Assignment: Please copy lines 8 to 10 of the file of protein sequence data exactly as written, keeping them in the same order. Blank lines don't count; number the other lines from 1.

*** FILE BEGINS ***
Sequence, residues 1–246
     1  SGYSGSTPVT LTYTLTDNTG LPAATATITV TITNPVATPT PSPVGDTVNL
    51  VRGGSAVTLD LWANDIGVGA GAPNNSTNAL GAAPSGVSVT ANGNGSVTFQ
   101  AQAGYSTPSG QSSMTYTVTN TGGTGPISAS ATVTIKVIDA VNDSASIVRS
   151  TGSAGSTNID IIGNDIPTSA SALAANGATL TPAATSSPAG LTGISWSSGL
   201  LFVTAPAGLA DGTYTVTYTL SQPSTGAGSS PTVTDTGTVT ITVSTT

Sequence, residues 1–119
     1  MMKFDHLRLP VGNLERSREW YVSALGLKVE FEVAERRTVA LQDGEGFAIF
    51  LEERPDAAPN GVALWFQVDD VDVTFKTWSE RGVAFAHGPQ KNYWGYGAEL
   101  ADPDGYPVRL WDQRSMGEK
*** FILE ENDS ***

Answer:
     1  MMKFDHLRLP VGNLERSREW YVSALGLKVE FEVAERRTVA LQDGEGFAIF
    51  LEERPDAAPN GVALWFQVDD VDVTFKTWSE RGVAFAHGPQ KNYWGYGAEL
   101  ADPDGYPVRL WDQRSMGEK